Gabe Weiss
Yeah, it’s the community relationship. Yeah. The community relationship! Absolutely. It’s one too many, for sure. Well, it’s that, without relationships, none of our work will do anything, right. If you’re not trusted if you don’t have that solid relationship and trust with the community. When you’re out there talking about your product stuff, they’re gonna just read you as a shill, you’re gonna be like, yeah, just another marketing voice out here. But if you had been embedded in the community, if you’ve been in the trenches with them, right, like you’ve really contributed, then you have that trust of like, okay, if Gabe is telling us something about these databases, as I know, Gabe, like he’s been part of our community for a while, like, I can trust that, if he tells us this thing is cool, it’s probably pretty cool. Like, I should at least take a look at it. And likewise, from the other side, that applies to the internal teams too, if I don’t have a good relationship with my product manager. And I come to them and I say, this feature is just not going to land. Like we need to change up how this thing is done to make it land with the customer with the customers and developers. If I don’t have that relationship, why on earth would they listen to me? I’m not in charge of the product. I’ve got no power, I’ve got no say like, they’re like, Yeah, and I should listen to your buy. So it’s 100% forging those relationships is a requirement of the job.

Matt Yonkovit
Yeah, definitely. Definitely. So as we talk about forging the relationships with folks, and talking about the infrastructure side of things, I am curious if you’ve been working in the database space. Now, you’ve been talking with the end users, you’ve been engaging with them building those relationships. What are you seeing as some of those trends in this space right now that you’re tracking is, as the lead for the DevRel for databases, but also maybe as a company, Google is tracking like, Hey, these are started, we’re starting to see people wanting these types of things or exploring these types of databases?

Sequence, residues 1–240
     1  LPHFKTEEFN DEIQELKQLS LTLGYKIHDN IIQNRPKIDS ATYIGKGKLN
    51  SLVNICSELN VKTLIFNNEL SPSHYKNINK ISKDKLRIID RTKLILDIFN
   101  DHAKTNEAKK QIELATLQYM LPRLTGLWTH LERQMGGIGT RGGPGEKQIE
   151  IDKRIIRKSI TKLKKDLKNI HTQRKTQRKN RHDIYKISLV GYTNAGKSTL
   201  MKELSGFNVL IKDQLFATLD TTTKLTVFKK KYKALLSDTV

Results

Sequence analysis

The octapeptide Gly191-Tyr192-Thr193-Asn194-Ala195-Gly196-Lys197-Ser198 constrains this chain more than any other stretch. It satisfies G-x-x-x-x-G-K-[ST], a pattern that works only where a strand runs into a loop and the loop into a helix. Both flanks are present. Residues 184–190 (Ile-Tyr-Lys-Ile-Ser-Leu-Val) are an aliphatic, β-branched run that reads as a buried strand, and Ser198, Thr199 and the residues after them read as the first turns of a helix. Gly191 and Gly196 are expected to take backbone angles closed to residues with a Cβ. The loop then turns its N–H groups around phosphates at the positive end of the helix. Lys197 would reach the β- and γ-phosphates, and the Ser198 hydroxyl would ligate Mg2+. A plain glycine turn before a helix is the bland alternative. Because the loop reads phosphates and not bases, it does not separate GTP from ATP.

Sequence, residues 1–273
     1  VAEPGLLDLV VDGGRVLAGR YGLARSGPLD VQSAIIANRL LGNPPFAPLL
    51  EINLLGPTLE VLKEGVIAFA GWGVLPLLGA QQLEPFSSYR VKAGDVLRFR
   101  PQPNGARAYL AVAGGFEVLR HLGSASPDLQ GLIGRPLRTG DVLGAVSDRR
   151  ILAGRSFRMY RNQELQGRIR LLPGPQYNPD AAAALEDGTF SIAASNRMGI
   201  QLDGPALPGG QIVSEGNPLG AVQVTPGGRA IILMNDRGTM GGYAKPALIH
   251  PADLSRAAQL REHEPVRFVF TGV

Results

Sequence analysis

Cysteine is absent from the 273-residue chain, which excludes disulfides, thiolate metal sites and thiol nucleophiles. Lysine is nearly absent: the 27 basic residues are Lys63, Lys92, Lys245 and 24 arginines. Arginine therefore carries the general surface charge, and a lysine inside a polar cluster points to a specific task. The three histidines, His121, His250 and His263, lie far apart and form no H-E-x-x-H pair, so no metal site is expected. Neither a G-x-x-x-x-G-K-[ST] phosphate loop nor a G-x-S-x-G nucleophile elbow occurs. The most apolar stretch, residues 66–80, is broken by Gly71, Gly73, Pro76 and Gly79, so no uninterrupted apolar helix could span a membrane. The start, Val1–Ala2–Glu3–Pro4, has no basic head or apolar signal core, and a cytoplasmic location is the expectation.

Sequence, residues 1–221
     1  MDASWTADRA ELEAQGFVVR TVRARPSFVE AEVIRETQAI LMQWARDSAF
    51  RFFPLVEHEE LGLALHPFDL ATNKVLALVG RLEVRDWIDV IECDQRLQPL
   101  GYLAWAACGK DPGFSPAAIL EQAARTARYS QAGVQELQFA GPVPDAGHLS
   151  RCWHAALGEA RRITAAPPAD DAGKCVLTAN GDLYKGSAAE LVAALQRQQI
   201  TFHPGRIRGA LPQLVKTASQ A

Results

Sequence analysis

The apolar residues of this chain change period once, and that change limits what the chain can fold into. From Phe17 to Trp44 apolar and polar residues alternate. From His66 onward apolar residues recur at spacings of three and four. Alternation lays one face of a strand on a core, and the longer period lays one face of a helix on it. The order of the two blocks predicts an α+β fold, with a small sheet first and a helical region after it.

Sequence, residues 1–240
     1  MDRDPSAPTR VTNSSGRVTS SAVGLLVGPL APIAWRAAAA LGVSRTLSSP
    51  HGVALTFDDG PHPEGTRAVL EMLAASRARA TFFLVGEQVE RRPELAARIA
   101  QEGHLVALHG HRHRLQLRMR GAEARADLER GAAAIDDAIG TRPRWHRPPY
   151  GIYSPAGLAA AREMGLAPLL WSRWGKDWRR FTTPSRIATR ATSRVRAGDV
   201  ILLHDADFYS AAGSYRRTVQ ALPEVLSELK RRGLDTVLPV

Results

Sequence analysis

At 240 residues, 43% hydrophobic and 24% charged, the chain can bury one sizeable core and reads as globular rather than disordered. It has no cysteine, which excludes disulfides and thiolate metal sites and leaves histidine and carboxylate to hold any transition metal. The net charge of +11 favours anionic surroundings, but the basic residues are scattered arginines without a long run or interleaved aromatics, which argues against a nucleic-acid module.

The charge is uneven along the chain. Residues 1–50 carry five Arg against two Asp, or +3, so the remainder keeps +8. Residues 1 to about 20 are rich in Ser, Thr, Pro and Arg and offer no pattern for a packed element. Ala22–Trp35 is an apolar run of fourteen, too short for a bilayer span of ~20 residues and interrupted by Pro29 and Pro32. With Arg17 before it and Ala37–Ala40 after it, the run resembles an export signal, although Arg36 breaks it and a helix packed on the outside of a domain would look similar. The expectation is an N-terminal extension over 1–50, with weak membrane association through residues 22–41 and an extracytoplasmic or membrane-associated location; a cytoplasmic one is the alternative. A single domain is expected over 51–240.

Gabe Weiss
Yeah, totally. So open source is actually a huge, huge, huge, huge trend in the database world. The companies like Oracle have dominated the database space for so long. And what has happened is, people are just sick of vendor lock-in it’s it is a constant problem, not just with database with everything. But databases, in particular, vendor lock-in is particularly egregious, like, our IP, our data is stored in your thing, and I can’t leave your company I’m completely subjected to your whim. Google has made a lot of money on hosting open source managing open source products and cloud SQL, which is what I started in on my database journey is hosted by SQL and Postgres and SQL Server now, but when I started, it wasn’t, and it was open source databases that Google just decides we will manage the database for it, which is great. And that trend carries through now to the industry. And we’re seeing it, particularly just in the last year or two, Postgres has just gone bananas, which is great to see, Postgres has been kind of steadily gaining on MySQL for a long time as far as the open source database to I guess, MariaDB, but gaining on it in terms of popularity, and it’s, it’s going crazy now, and it’s fun, because that opens the door for what are the new product that we just put out and AlloyDB is at its core, it’s Postgres. we’ve done stuff to it. We built on it, and we’ve added a bunch of stuff, but the compatibility between the two. What that means is that we are we get to participate in this trend in the industry, which is the open source adoption of saying like, yeah, you’re using Postgres, because it’s a great open source interface. Fantastic. Bring it to the cloud. So you get to leverage all the parts, I should back up, moving to the cloud is a trend that’s been happening for the last, I’d say, five to 10 years, on the data side of things we’re not seeing net new projects done locally, hardly at all anymore. It’s like, it’s just an understood thing, that if you’re gonna have lots of data, you’re gonna put it in the cloud because managing the infrastructure locally is such a pain. Why do that, like it’s, it’s a cost-effective measure now to just use the cloud. So trend, one moving to the cloud, that’s been going for a while now. And then trend two is this adoption of open source as, an open interface for all of the things that I want to do with my application. That is, is key and I love it, I love the fact that open source is getting its day in the cloud way that it’s open source has always had its day, it’s popular, but seeing it in the cloud is a lot of fun, and I love it. And, my only regret is that I don’t have more opportunity on my own time and energy to contribute directly, I would love to go back and contribute more to Postgres, but time is a thing. But yeah, so those are the trends that I’m seeing

Matt Yonkovit